Those old cartoons really messed up the way we see pies. It always looked so easy to make. But in reality, making pie isn't all that simple—even if it only involves making a crust and filling, then putting them on a pie plate.
But in this buko pie recipe, we try to fill all the gaps to give you a seamless, foolproof pie-making experience that'll give you a buttery, flavorful, and, most importantly, flaky crust with a purely coconut-tasting filling.
- 340g unsalted butter, divided into 2 sticks
- 3 ½ cups all-purpose flour
- 1 tsp salt, preferably Kosher salt
- 3 tbsp sugar
- 8–9 tbsp ice-cold water, more if needed
- ½ cup coconut water
- ⅓ cup + 2 tbsp white sugar
- 3–4 tbsp cornstarch
- 2 ½ tbsp powdered milk
- ⅔ + ¼ cup coconut milk
- 5 ½ cups soft young coconut meat
- 1 ½ tsp vanilla
- ¼ cup coconut cream
- 1 ½ cup all-purpose flour
- 1 cup desiccated coconut
- ¼ cup brown sugar
- ½ + ¼ cup white sugar
- 1 tsp salt
- 1 cup unsalted butter, melted
- 1 egg, beaten
Make the Crust
Place one stick of butter in the freezer, then slice the other stick into cubes and place in the fridge.
In a large mixing bowl, combine flour, salt, and sugar.
Once the first stick of butter is frozen, coat it in the flour mixture.
Grate the frozen butter into the bowl.
Add the cubed butter (the one from the fridge), then gently squash it in the flour with your hands until you end up with irregularly sized lumps.
Add 5–6 tablespoons of water and gently "claw" the dough with your hands. Add water by the tablespoon if it feels too dry. You should end up with a shaggy dough that holds its shape when formed into a rough ball.
Turn out the dough onto a lightly floured surface and form it into a ball using a bench scraper to minimize contact with your hands.
Divide the dough into three, then stack them on top of each other, pushing the crumbly bits back into the dough. Repeat this step until all crumbly bits are better integrated.
Divide the dough into two pieces and place each half on a separate sheet of plastic wrap. Working one piece at a time, roll the dough into discs.
Chill the dough for at least 2 hours. If possible, leave it in the fridge overnight.
Make the Filling
In a saucepan over low heat, combine coconut water, sugar, cornstarch, powdered milk, coconut milk, and a pinch of salt.
Mix until sugar has completely dissolved and everything's well-combined.
Once slightly thick, add the coconut meat, stirring until fully coated.
Mix in the vanilla and coconut cream then set aside to cool.
Make the Topping
In a large bowl, combine flour, desiccated coconut, sugars, salt, and butter. Mix well then set aside.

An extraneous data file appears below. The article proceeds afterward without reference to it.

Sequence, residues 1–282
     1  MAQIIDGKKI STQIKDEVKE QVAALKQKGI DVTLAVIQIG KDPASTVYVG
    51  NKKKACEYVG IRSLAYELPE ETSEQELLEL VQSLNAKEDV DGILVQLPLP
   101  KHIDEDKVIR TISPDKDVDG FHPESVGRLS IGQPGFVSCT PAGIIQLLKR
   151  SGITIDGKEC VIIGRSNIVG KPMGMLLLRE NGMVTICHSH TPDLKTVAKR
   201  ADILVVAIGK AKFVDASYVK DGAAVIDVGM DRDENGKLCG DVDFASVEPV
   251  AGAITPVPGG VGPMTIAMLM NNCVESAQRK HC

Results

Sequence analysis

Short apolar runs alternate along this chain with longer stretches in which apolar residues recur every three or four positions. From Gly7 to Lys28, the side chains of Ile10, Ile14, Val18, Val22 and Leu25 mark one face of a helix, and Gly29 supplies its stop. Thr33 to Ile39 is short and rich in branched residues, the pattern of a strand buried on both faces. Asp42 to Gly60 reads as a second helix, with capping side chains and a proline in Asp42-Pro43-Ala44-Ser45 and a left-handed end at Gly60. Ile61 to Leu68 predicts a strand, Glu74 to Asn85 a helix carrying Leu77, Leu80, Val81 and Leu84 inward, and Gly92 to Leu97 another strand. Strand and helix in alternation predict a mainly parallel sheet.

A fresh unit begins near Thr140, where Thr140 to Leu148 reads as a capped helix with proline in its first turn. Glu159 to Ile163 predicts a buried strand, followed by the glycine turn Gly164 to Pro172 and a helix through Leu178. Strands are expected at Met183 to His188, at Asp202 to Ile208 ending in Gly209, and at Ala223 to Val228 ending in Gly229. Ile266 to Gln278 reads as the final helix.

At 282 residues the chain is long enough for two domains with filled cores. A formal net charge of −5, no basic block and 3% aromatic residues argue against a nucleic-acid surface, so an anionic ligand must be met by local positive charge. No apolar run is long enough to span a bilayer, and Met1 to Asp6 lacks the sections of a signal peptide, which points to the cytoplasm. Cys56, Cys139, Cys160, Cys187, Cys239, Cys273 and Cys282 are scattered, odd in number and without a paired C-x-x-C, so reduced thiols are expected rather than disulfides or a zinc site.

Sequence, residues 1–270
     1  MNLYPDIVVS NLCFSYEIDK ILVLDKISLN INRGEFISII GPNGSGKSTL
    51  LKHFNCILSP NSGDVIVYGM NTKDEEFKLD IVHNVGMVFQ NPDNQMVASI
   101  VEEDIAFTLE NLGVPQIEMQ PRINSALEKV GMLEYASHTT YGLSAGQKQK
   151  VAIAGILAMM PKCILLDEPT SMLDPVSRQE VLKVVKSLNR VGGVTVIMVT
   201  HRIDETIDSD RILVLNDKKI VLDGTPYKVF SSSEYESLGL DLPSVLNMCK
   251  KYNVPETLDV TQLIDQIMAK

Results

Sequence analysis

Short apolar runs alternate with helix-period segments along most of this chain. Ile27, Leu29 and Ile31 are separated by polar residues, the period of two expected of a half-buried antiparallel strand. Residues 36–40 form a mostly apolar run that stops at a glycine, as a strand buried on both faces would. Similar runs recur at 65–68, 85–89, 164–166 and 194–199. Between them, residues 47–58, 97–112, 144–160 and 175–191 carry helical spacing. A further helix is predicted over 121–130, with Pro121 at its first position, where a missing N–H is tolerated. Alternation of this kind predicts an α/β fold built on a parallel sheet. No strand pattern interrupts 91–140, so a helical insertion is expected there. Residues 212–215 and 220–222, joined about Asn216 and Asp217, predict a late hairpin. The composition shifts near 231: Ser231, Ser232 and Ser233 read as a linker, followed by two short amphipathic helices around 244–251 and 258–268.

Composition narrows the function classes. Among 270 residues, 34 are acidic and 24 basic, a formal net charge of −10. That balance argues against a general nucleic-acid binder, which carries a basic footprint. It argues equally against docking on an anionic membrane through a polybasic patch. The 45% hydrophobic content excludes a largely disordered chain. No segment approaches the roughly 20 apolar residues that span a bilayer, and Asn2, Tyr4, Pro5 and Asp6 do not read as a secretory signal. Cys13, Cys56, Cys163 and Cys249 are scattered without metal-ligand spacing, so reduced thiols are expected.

Assembling the Pie
Using a rolling pin, flatten dough on a lightly floured surface. Roll the dough into a disc, about ⅓-inch thick.
Place the dough over the pie plate, making sure you're not leaving space between the crust and the plate.
Trim the dough with scissors, leaving about 1 ½ to 2 inches of overhang to tuck it underneath the dough.
Gently press the dough into the pie plate then freeze it for 15 minutes.
Meanwhile, preheat an oven to 400°F (200°C). Once dough is frozen, prick it with a fork and brush with a beaten egg.
Partially bake the crust for 5–6 minutes until slightly browned but still pale.
Remove the crust from the oven, then add the filling, followed by the topping on top.
Loosely cover the pie plate with foil, then bake for 20–23 minutes.
Remove pie and take out the foil. Lower the oven to 350°F (177°C), then return the pie to bake for another 25 to 25 minutes.
Check the pie every 10 minutes. If the top is browning too much, add the foil again and continue baking until the bottom crust is golden brown.
Cool the buko pie for 1 ½ hours before serving.
When working with the pie dough, it's important that the elements are cold. If possible, cover the mixing bowl with the flour mixture with foil or cling wrap, then keep it in the fridge as you wait for the butter to freeze. If the dough starts to get warm while rolling it, chill it in the freezer again.
Covering the frozen butter with the flour mixture gives you a better grip so it doesn't slip from your hands as you grate it.
Your hands are warm enough to melt the butter in the dough, so try to minimize contact by using a bench scraper to shape it.
Dividing the dough into thirds, then stacking them on top of each other helps create extra layers.
Chilling the dough in the fridge overnight hydrates the flour.
Place your pie plate in the fridge before using to prevent the butter from melting.
It's important to freeze your pie after shaping or filling, right before baking.
Brushing the dough with egg helps create a barrier between the pie crust and the filling, avoiding a soggy bottom crust.